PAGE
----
[OSM-dev] production site disk use question

Michal Migurski mike at teczno.com
Tue Jan 1 19:36:13 GMT 2013


Hi Jeff,

One approach I've taken in this situation in the past is to do my importing on a temporary EC2 instance to get a bit of extra disk space, then save only the parts I need. EC2 is not known for speedy I/O, but the instance storage they make available (typically mounted at /mnt) is actually local to the running instance and quite fast to read from once you've written to it. You can also take advantage of spot pricing to bring your costs down substantially for these temporary machines, and use the high-RAM instance types to give yourself a bit of extra breathing room.

-mike.

On Jan 1, 2013, at 9:52 AM, Jeff Meyer wrote:

> Frederik, Sly - 
> 
> Thanks for that help! I clearly need to do something differently. Upped my VPS disk size & the same action filled up the disk after using ~86GB. 1.7GB .pbf to 86GB+ apidb! Yikes! I've added some info & warnings to the Rails Port page - http://wiki.openstreetmap.org/wiki/The_Rails_Port#Populating_the_database
> 
> Frederik - 
> 
> My guess is that I only need current tables - I'm setting up an instance of the OSM Stack to see how useful it might be for creating a shared environment for mapping cities and territories through history. (http://wiki.openstreetmap.org/wiki/OSM-Historic) My plan was to take the shorelines and natural features out of planet.osm, use that as a baseline, and then let people add historical information from there, as well as figuring out what tools need to be built to support this time-enabled concept. So, it seems like I'll need both the history & the current tables. In a non-history planet.osm extract, should those tables be the same in an initial import?
> 
> Thanks!
> Jeff
> 
> 
> 
> On Tue, Jan 1, 2013 at 3:42 AM, Frederik Ramm <frederik at remote.org> wrote:
> Hi,
> 
> 
> On 31.12.2012 18:25, Jeff Meyer wrote:
> For example, I just tried importing a 1.7GB planet-reduced.pbf into my
> rails port osm db and it failed after ~30 hrs because I ran out of disk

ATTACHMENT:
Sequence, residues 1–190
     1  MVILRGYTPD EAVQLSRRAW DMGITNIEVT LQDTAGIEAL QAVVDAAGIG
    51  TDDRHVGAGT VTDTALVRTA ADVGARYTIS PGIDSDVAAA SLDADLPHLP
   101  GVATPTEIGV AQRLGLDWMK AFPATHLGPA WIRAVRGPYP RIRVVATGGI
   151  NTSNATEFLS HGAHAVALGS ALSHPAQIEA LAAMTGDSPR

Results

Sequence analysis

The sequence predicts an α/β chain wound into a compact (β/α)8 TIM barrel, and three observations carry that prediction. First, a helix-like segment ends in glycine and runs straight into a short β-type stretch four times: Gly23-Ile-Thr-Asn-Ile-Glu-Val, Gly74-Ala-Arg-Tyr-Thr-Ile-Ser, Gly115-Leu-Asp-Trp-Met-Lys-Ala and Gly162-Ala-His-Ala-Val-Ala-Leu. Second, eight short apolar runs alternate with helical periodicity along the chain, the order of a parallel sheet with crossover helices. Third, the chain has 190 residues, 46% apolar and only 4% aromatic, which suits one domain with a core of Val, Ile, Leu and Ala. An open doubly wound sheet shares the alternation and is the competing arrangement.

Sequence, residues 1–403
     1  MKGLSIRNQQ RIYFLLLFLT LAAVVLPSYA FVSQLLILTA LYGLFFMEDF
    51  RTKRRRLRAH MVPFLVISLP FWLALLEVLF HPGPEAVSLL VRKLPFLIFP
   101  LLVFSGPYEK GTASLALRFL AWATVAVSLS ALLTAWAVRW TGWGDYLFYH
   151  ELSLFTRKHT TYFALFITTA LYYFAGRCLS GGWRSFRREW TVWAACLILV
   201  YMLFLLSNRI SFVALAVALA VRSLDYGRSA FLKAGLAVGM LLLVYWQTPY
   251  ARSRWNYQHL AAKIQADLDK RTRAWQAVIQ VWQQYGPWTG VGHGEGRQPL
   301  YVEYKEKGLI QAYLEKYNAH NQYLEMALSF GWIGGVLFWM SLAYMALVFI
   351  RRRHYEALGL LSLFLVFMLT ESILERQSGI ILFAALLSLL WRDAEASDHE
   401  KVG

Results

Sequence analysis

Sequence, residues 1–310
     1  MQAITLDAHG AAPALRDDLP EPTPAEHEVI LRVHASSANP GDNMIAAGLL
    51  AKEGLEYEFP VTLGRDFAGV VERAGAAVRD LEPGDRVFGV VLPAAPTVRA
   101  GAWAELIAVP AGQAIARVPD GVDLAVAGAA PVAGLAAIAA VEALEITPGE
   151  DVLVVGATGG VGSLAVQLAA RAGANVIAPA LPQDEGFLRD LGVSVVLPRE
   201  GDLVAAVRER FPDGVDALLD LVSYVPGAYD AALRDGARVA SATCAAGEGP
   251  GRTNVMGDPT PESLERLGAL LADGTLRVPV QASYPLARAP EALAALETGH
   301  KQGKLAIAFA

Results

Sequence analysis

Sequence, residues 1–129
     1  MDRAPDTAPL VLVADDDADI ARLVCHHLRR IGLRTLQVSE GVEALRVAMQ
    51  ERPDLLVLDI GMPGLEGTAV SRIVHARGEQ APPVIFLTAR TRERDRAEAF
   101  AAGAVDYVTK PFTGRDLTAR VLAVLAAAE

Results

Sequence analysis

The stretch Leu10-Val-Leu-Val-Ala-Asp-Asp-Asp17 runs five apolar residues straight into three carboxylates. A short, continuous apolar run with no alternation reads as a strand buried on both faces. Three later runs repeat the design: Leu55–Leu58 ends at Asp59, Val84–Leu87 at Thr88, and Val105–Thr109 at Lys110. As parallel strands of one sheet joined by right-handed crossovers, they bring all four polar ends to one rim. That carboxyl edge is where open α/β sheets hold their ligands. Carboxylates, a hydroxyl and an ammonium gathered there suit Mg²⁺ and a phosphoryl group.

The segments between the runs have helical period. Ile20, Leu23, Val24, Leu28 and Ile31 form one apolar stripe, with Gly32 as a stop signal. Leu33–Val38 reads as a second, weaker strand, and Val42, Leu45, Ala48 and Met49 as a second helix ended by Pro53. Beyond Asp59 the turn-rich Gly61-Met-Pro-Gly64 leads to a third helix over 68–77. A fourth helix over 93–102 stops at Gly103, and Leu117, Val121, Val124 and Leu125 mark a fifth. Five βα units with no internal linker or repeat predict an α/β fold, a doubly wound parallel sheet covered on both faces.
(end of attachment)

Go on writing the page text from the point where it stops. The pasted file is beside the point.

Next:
> space after it had eaten up 50GB of disk. Bad planning on my part, but
> how should I budget for this?
> 
> In addition to Sly's data:
> 
> A typical "apidb" setup has two sets of tables - "current" tables that have only the last version of each object, and "history" tables that contain every version (they don't have "history" in the name - the current nodes table is called current_nodes, and the history nodes table is called just nodes).
> 
> This means that if you import data from a non-history planet into an apidb database, you'll have everyting twice.
> 
> Depending on what you want to do with the data, you might really need that - or you might not. For example, if you wanted to run a read-only API that gives you data for a given bbox, only the "current" tables are required. For some other types of queries, only the history tables are be required.
> 
> So it might be possible for you to take a shortcut by importing things only once. Osmosis has an option called "populateCurrentTables" which is on by default, but you can switch that off and it will only create history tables. If you have an use case that only needs current tables, then Osmosis doesn't offer that but you could actually achieve that by creating views on the history tables, instead of copies. This will save time and space; of course if you do that then you can't apply updates to your database without breaking the views.
> 
> Bye
> Frederik
> 
> -- 
> Frederik Ramm  ##  eMail frederik at remote.org  ##  N49°00'09" E008°23'33"
> 
> 
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> 
> 
> -- 
> Jeff Meyer
> Global World History Atlas
> www.gwhat.org
> jeff at gwhat.org
> 206-676-2347
> 
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